On September 8, 1952, CBC Toronto beamed its first TV program from its station on Jarvis Street. The show featured John Conway and his beloved puppets Uncle Chichimus and Hollyhock. The sonorous voice of Lorne Greene introduced the story of the manhunt for the Boyd Gang, who had escaped that day from the Don Jail. Everything of course was live and not everything went smoothly—the station logo appeared back-to-front and upside down.
CBC was rushing to meet the challenge of American television, which was up to that time the only programming available to the tens of thousands of Canadians who owned televisions and had aerials pointed at the US border.
Until the Canadian Broadcasting Centre opened on Wellington Street in 1993 to bring all of Toronto’s CBC staff into one building, the CBC occupied various sites around the city, including those historic television studios on Jarvis Street. From 1829 to 1893, the site hosted the Parliament Buildings of Upper Canada, the Province of Canada and finally the Province of Ontario. It became the site of a freight shed for the Grand Trunk Railway, later Canadian National Railways. It was the CNR that established a network of radio stations across Canada in the 1920s, a network that became the foundation of the Canadian Broadcasting Corporation.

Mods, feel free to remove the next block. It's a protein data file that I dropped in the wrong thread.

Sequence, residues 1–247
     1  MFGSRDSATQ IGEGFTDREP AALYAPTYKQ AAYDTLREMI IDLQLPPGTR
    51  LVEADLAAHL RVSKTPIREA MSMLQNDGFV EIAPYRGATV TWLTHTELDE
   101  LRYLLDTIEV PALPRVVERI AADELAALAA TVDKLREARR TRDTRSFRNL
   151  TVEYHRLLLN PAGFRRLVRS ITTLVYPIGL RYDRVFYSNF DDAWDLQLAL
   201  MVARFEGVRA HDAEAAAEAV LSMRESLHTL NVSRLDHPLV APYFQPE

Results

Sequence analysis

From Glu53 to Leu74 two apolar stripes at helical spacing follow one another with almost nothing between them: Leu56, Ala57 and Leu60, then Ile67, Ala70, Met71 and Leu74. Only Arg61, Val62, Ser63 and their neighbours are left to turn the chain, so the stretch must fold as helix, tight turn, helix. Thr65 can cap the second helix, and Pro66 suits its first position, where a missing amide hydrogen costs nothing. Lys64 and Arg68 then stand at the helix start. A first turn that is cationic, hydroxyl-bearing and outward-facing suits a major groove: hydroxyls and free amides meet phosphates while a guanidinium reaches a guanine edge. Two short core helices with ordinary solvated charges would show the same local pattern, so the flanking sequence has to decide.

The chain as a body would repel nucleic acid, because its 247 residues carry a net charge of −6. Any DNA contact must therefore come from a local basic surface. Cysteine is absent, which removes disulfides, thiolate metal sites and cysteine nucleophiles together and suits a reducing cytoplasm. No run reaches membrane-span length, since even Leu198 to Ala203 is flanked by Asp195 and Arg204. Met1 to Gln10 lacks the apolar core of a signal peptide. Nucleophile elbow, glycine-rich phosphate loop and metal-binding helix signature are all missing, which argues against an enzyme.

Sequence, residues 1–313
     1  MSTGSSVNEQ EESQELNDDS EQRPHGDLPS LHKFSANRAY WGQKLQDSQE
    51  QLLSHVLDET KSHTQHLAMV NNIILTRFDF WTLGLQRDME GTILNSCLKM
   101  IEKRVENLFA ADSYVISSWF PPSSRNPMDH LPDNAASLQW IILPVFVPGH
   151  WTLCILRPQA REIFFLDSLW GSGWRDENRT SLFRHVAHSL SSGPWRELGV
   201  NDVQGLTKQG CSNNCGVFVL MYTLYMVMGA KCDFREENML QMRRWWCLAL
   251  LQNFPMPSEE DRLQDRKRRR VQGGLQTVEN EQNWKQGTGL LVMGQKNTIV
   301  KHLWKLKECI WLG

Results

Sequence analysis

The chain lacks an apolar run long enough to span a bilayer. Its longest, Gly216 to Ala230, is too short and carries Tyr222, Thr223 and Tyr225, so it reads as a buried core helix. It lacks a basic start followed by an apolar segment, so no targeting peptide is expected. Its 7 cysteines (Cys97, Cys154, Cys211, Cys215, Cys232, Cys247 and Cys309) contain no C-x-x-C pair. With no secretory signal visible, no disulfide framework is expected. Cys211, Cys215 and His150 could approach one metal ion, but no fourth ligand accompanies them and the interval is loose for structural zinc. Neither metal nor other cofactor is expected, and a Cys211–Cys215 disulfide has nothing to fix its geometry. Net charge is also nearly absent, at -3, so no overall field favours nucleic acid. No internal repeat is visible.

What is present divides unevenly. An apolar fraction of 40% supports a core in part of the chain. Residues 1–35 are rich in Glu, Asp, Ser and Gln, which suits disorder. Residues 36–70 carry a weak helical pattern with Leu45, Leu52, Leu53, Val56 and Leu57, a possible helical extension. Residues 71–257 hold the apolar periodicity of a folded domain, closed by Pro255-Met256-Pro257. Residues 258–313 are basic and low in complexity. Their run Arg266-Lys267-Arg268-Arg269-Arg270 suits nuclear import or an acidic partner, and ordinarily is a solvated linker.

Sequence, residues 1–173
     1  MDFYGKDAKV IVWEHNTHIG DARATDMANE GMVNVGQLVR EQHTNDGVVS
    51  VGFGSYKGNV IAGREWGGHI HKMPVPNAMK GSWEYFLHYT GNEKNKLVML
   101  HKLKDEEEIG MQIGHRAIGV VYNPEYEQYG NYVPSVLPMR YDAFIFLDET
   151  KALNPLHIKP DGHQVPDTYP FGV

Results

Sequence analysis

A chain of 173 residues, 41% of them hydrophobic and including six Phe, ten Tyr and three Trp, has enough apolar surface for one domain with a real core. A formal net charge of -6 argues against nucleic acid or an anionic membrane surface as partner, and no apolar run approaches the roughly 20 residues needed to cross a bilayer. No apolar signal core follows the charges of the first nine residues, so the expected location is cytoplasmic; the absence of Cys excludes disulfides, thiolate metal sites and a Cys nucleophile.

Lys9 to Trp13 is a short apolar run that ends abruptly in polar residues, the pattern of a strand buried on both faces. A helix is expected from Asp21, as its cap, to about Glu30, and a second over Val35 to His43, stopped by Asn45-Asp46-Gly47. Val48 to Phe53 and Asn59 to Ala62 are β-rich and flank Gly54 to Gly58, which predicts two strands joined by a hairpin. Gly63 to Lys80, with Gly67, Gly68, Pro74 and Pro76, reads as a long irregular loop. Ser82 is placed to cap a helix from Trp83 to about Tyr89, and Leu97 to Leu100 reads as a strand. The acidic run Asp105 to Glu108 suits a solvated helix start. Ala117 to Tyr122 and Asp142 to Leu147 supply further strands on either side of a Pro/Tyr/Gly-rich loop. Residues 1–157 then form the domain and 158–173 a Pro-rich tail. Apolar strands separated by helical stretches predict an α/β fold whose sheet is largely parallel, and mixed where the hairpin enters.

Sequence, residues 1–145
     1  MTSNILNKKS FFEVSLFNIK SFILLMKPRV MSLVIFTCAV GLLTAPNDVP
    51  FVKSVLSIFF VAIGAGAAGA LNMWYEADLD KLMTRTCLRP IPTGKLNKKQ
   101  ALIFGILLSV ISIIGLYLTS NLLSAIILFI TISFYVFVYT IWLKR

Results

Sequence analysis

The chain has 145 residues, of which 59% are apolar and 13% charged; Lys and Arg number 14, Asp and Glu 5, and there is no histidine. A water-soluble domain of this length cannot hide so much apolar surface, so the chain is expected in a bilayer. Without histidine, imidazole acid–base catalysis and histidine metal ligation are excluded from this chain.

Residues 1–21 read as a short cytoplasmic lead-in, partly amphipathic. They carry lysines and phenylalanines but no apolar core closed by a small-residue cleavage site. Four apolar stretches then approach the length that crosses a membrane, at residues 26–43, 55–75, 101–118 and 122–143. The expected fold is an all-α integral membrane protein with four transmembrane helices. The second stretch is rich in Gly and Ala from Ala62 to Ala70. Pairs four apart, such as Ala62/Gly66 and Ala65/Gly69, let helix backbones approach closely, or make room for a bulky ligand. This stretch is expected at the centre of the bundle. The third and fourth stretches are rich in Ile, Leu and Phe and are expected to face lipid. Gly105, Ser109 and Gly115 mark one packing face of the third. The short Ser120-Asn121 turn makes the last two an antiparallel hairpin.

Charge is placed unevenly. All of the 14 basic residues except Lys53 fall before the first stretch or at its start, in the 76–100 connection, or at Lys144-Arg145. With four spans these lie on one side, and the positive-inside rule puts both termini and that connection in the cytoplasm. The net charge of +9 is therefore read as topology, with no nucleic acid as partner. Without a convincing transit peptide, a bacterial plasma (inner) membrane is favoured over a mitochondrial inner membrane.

By Derek Boles